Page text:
In an exquisite short film, animator Yoav Brill of Tel Aviv, Israel, tells a story entirely with dots. “Ishihara” draws its name and inspiration from the visual tests used to detect color blindness. The story becomes a poignant reflection on difference.
The film was just translated to English; for the original Hebrew, see after the jump. I asked Yoav to tell us more. He produced his own musical score (generously crediting Steve Reich with inspiration) as well as scripting and animating the film.
What’s the story behind the narration? Do you have personal experience with color blindness?
The story is half-autobiographical. I am a color blind, and so are two of of my brothers, so the film is based both on my and their experiences, with additional dramatization of course. I’ve also held a couple of interviews with color-blind people as a research.
The initial idea was to make a film about the similarities between color blindness and homosexuality, so there’s a little bit of that in the film also, but I’ve learned to know that this sub-issue is not visible to everyone (which is, in a way, exactly what the film talks about).
The animation is really striking. How was the film produced?
The film was made using Flash and After Effects. Flash was used for the scenes involving crowds of dots. I used After Effects for the “close ups” and composition of the film. It was edited on Adobe Premiere. Music and sound I composed on Apple Logic and Ableton Live.
Given the subject matter, how did you approach the color palette in your animation?
I’ve tried to keep the saturation of the pallet narrow, so the differences between the colors would be unclear also to “normal” viewers. My color blindness was not a big problem, since it’s mostly reds and greens that are problematic, and only with certain hues. After a while you remember the CMYK numbers!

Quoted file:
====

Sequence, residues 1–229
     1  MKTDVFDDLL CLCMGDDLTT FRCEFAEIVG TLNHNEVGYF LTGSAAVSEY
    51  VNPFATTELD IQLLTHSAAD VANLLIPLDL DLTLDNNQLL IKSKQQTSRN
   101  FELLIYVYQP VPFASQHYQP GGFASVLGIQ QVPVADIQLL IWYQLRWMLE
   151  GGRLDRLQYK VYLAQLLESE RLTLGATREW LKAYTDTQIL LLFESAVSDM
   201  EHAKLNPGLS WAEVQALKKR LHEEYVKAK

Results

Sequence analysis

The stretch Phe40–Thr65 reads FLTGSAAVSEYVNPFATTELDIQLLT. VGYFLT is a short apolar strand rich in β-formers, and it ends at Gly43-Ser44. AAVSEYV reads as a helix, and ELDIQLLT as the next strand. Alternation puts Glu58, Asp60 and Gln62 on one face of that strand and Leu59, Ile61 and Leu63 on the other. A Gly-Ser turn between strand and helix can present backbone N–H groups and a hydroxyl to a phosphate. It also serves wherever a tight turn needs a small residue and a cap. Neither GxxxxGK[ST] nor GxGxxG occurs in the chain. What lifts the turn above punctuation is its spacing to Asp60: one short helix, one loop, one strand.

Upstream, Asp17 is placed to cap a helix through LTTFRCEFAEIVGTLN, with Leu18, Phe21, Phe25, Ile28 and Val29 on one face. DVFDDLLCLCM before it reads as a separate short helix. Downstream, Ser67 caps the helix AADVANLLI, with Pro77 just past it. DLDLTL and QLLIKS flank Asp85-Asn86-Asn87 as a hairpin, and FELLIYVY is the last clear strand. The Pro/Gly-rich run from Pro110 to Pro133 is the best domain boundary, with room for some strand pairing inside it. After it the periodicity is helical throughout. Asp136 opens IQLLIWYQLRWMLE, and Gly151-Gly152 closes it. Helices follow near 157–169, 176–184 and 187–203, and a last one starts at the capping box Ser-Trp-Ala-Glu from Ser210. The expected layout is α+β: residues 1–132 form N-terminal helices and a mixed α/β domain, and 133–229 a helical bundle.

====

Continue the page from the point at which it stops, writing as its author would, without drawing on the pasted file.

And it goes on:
How did you prepare the sequence of the animation? The storytelling, visually, is really clear. At the same time, it seems like something like this would be tricky to storyboard.
I didn’t draw an exact storyboard. Since the script, animation, AND music were my own, I’ve built the visuals based on the rhythm of the story, then recorded it and played with the relationship between sound and visuals to create something that will be fluid rather than logical.
After I had an animatic, I recorded the narration again. What you’ve watched is an English version based on the original Hebrew one.
Yoav’s work has gotten recognition: it won the local Hafia film festival and was just screened at the Encounters fest in Bristol. I imagine it could spread far beyond that. Hebrew version below, followed by more quick work from his Vimeo, which give you a nice sense of his personality.